What if you could not just travel, but travel back in time before COVID-19, before the Spanish Flu, and even before the Bubonic plague? To a time when some of civilization's greatest monuments were as pristine as the day of their ribbon-cutting ceremonies and when— even better—you'd be the only visitor, with nary a selfie stick or souvenir vendor in sight.
Well, I just completed such a trip—to Pompeii in 78 A.D., when it was a vibrant and thriving city, a year before the fateful eruption of Mt. Vesuvius. Rather than stumbling over gray and crumbling ruins, neatly paved travertine tiles of the Forum stretched before me, framed by long rows of pristine white marble columns. Just outside a bakery, I could almost smell the fresh, round loaves of bread, hand stamped with the baker's mark. Further explorations with my savvy guide took me through a theater with toga-clad spectators, the gladiator's barracks, and the stately House of the Faun, with its Italian marble floors and walls, Corinthian columns, and reflecting pool.
This turn in a time machine was thanks to Ancient World, launched last year by the Australian-based company Lithodomos VR. Back in 2018, in a collaboration with Jerusalem's Tower of David Museum, the company gave visitors a unique part real, part virtual museum experience. On a walking tour of the Old City, the guide would have visitors pause at key vantage points like the Western Wall, Robinson's Arch, the Jewish Quarter, and the Cardo and slide on their virtual-reality headsets, instantaneously teleporting them back 2000 years.
When international travel stalled in 2020, Lithodomos pivoted their technological know-how to create Ancient World virtual tours, which can be used by anyone with a smartphone, tablet, or computer. Currently, the site offers 23 tours (ranging in price from $1.00 – $13.99).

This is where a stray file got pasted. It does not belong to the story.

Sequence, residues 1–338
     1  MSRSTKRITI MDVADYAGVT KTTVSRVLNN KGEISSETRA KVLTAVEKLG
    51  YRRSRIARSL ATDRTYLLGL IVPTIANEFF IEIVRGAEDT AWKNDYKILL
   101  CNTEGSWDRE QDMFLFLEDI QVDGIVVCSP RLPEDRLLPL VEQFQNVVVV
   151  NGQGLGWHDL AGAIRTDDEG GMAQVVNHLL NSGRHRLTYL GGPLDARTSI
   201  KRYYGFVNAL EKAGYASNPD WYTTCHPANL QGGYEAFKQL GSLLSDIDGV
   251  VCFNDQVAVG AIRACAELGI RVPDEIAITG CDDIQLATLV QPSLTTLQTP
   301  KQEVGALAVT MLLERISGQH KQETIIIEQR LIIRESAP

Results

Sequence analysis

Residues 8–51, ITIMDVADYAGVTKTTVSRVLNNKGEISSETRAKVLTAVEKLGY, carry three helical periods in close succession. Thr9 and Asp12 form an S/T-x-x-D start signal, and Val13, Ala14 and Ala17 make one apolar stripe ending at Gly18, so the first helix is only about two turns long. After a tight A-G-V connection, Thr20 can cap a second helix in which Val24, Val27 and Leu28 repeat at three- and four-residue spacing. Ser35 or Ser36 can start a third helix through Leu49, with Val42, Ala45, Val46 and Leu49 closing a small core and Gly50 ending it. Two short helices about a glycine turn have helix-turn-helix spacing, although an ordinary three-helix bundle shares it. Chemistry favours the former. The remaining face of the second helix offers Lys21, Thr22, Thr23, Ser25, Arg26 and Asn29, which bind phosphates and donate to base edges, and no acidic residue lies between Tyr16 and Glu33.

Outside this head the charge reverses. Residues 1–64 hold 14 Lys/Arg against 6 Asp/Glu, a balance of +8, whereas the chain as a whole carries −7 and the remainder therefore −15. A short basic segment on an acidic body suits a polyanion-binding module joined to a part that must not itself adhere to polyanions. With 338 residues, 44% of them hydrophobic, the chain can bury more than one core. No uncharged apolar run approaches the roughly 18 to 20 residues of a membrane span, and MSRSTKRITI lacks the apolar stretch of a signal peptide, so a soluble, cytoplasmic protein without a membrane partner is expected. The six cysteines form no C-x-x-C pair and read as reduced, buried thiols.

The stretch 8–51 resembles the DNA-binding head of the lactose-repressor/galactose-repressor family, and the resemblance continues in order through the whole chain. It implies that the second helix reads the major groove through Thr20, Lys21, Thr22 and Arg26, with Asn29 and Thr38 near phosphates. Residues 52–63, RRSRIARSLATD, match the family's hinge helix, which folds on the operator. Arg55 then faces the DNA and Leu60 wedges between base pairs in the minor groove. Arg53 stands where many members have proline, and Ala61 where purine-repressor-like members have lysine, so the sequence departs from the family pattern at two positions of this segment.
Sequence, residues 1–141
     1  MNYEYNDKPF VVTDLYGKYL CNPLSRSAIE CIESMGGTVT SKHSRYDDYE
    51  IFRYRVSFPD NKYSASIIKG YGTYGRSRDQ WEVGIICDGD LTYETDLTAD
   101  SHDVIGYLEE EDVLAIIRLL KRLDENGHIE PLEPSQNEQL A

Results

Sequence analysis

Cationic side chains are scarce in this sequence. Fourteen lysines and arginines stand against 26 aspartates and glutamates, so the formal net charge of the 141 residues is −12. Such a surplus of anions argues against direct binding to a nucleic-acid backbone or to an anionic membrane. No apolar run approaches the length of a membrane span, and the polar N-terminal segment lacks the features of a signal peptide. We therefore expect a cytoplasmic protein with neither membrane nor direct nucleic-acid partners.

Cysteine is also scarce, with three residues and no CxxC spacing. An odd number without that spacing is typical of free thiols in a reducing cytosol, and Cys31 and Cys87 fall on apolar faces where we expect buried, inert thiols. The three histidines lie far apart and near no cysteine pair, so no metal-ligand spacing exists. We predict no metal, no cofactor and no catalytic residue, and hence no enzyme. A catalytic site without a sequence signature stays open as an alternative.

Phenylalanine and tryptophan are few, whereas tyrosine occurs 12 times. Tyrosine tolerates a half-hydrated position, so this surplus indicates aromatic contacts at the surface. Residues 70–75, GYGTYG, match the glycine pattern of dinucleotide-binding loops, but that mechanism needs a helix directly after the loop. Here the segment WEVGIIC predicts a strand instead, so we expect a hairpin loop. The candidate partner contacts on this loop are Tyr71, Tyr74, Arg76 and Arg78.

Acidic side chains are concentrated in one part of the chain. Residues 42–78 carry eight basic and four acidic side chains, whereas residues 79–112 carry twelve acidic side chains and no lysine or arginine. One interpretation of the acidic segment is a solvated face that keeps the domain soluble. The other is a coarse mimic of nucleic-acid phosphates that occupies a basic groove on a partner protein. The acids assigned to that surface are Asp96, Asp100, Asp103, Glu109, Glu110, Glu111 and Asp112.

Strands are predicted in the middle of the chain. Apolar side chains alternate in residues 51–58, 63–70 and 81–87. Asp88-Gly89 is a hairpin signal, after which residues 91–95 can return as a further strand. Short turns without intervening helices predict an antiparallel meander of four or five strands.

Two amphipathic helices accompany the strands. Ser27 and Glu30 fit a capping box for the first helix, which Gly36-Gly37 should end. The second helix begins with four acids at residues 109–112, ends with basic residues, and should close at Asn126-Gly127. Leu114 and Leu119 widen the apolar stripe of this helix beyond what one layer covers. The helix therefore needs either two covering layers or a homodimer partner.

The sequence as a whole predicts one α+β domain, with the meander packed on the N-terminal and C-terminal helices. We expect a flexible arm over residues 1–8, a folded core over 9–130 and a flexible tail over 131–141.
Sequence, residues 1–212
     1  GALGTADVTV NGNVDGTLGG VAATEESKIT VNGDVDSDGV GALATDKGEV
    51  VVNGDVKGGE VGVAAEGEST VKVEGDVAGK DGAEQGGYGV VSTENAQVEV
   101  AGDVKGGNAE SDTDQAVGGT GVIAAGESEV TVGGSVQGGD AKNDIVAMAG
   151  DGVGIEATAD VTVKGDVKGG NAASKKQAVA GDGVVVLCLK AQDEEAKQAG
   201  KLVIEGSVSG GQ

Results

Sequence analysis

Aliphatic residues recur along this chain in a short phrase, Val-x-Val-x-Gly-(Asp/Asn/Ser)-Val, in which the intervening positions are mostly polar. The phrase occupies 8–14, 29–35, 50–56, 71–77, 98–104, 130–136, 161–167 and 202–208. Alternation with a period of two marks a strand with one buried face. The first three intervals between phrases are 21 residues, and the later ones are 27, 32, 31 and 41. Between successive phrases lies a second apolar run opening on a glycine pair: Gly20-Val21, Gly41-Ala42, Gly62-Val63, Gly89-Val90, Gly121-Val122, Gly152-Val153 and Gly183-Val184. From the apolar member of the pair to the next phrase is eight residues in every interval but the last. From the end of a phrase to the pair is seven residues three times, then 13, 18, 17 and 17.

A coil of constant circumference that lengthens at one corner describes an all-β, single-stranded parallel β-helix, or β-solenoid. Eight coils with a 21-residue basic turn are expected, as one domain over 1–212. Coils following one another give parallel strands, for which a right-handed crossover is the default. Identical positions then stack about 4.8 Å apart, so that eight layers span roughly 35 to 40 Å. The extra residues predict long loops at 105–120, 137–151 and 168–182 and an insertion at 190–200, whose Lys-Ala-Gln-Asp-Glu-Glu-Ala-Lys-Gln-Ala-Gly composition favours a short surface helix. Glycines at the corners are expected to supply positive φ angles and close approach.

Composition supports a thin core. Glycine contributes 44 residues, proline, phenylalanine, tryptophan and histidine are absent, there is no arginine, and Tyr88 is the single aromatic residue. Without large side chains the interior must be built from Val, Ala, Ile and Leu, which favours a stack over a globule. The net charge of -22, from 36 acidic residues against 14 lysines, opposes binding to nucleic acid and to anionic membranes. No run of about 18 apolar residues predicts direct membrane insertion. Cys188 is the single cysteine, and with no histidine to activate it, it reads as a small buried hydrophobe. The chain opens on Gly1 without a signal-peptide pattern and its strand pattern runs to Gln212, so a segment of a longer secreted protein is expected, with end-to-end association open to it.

The destinations are mostly from the classical world surrounding the Mediterranean (e.g. Athens, Barcelona, Rome, Split) but also available are Old Hobart Town in Tasmania and a Jack the Ripper tour of London. The furthest back you can set the time-travel dial is 5,000 years, to see the mysterious chalk earthwork monument on the Stonehenge site, well before the placement of the famous Sarsen and bluestones still standing today.
Lithodomos VR's founder, Simon Young, explains how they use archaeological and historical data to ensure that reconstructions are as accurate as possible: "Site plans, elevation drawings, and artists' impressions are loaded into a Geographical Information System which is then mapped to the real world. From this, highly detailed 3D models are produced by 3D artists under the watchful eye of the supervising archaeologist. When museums or archaeological parks are involved, local experts provide peer review for any necessary correction and refinement to ensure accuracy."
Ancient World tours make for an ideal virtual get-away from your desk, your bed, or even with the family around a Smart TV while sharing pizza and a bottle of Chianti Classico (for added Italian authenticity while exploring Ancient Rome).
And, when travel finally resumes, Ancient World tours can be downloaded and taken with you via phone, tablet, or soon-to-be-released virtual reality. You won't have to guess what that magnificent site looked like back in the day—you can see it for yourself right before your eyes.
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